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and brought it to themselves. It is the story of how the motive of voluntary cooperation, practically applied, solved a great social and economic problem and met a great national need.

This is a noble story also because it has brought about ownership of a significant segment of the power business of this great country by some six million "little people"-farmers, rural residents, churches, schools, and small rural industries.


The rural electric cooperatives which were formed in the midst of the great depression have made an incalculable contribution to the welfare of our country. Directly or indirectly they have brought about a 98% coverage of rural America with electric service today whereas a short 30 years ago only 11% of American farms and rural homes had any electricity at all.

The electric cooperatives have created a multi-billion-dollar market for electric appliances throughout rural America which would not exist were it not for the electric cooperatives.

These cooperatives literally enabled about two-thirds as many farmers and farm workers as would normally have been at work to produce enough food during World War II to make American food production a major factor in the winning of that great conflict.

Rural electric cooperatives have been and are making it possible to decentralize much of our industry, thus to render our country much less vulnerable to crippling devastation from a war, and giving us a far better distribution of employment and population than would otherwise be conceivable.

And rural electric cooperatives have made rural living today somewhere near as amenable as urban living, a reform and a measure of justice to our rural people which was long, long overdue.


The use of electric energy in rural America has been doubling about every seven years. This is a rate of increase at least half again as fast as takes place in the country as a whole. The electric cooperatives like any other public utility companies have got to keep up with the needs and demands of their patrons for services or go out of business. To accomplish this means repeatedly increasing the carrying capacity of their lines, the procurement or generation of vastly increased supplies of electricity, much heavier maintenance expenses, and a consequent mounting need for capital resources.

To deprive rural America of equal opportunity of continuance of electric service in reasonable equality with urban American would be palpable injustice. This is the reason the pending legislation is before this distinguished committee.


The average amount of loans by the Rural Electrification Administration has been about $210 million per year.

The projected need for such loans in the years immediately ahead based upon careful studies and experience is more than $600 million a year. Over the next 15 years it is conservatively estimated that $9 billion of capital will be required to maintain the service of electric cooperatives to their present customers and patrons.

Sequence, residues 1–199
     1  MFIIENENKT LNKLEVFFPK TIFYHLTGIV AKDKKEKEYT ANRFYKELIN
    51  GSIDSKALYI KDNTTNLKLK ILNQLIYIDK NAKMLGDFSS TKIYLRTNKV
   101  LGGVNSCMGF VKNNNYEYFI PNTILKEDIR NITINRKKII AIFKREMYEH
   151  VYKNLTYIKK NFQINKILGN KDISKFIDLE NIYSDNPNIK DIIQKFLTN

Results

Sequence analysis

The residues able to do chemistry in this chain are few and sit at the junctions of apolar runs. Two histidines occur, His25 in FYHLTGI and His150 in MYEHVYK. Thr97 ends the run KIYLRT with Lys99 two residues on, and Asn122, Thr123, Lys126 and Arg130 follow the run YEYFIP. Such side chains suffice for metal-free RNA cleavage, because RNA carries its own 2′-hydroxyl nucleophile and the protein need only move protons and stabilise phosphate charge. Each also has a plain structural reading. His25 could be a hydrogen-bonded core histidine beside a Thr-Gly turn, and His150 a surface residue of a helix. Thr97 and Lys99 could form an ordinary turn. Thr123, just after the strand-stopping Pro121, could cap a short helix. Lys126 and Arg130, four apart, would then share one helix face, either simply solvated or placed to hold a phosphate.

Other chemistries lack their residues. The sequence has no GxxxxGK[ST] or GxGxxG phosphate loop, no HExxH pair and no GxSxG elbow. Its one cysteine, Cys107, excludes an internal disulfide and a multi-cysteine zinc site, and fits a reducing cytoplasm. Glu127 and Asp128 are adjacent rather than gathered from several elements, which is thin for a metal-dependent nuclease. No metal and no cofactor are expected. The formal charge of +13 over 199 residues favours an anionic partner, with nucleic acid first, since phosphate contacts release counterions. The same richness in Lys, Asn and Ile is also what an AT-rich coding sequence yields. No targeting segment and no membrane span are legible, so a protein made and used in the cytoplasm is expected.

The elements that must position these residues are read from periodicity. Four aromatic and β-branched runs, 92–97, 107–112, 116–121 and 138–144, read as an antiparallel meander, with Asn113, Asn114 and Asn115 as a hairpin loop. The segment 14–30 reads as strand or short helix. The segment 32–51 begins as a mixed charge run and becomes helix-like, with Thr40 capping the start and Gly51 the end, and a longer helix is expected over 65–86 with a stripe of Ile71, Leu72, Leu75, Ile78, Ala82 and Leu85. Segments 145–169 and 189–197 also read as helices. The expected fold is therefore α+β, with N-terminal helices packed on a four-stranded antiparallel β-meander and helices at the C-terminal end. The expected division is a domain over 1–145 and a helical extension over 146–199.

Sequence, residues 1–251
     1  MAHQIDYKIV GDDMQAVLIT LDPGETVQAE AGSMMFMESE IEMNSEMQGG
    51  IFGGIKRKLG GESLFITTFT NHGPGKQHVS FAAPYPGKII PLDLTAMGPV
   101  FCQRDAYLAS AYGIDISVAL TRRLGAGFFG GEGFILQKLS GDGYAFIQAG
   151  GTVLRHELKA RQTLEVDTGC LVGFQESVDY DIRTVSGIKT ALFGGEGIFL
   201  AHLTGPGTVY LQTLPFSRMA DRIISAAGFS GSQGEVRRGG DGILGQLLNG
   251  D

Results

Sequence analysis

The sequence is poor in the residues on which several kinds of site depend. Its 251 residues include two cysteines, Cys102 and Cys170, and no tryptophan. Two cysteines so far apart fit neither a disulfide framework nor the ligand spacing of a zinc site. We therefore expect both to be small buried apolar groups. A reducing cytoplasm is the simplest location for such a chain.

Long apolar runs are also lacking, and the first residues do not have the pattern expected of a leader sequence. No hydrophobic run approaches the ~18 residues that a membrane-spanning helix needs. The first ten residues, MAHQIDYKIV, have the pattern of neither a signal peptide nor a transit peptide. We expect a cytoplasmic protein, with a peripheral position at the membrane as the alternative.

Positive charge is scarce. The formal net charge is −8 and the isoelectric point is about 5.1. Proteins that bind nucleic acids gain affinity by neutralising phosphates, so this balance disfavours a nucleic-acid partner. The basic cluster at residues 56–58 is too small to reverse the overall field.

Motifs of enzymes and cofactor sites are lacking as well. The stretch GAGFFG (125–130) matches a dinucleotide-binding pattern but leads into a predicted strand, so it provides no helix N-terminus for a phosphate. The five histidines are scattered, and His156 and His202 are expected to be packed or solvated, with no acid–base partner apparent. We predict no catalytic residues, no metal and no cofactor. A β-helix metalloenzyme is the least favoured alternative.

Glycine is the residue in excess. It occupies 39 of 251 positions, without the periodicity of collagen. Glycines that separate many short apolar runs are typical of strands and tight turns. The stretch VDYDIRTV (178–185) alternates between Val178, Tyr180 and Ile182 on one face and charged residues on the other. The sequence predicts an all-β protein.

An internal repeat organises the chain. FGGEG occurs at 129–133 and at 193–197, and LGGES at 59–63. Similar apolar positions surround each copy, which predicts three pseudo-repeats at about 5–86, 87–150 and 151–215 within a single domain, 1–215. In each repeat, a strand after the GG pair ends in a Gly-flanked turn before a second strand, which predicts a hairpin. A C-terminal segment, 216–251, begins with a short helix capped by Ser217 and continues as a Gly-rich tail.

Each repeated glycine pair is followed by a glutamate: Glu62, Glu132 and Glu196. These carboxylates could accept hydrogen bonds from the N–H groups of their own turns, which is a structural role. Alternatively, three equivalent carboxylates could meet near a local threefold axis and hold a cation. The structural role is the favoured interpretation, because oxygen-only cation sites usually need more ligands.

To expect the Congress to treble the amount of loan authorization for this program is simply not reasonable. To expect private investors to place large amounts of capital investment in cooperative, non-profit, service types of business is not reasonable either.

Electricity like air and water is an absolute necessity in our modern life. For all these reasons legislation has been introduced to provide new sources of financing for those electric cooperatives which are now or will become able to pay a higher rate of interest than the presently established one for REA loans.


The core of the proposed legislation is establishment of a bank for electric cooperatives as a financing institution which would make it possible over a period of years for the electric cooperatives to develop a self-financing system

of their own and thus to make themselves, in large part at least, independent of government programs.

Necessarily the legislation calls for an original investment of government capital. There is excellent precedent for this. This is what was done when the farm credit system was established. Today almost every penny of that government investment has been repaid and most of the cooperative farm credit institutions are wholly and completely cooperatively owned by their borrowers. Under the terms of all the bills that have been introduced, every cooperative borrowing from the proposed bank would invest 5% of each loan in capital stock of the bank and these investments would be used together with the earnings of the bank to repay the government capital.

Eventually, therefore, and indeed in not so many years in all probability, this bank would indeed be a self-financing institution for electric cooperatives using their own funds for that purpose together with such additional capital as might be raised by sale of debentures on the open capital markets.


If any additional justification for the passage of legislation to create a bank for cooperatives is needed, it can be found in the following facts.

Electric cooperatives, unlike any other utilities, must as a condition of their existence undertake to serve every potential customer in their area of operation however costly it is to do so.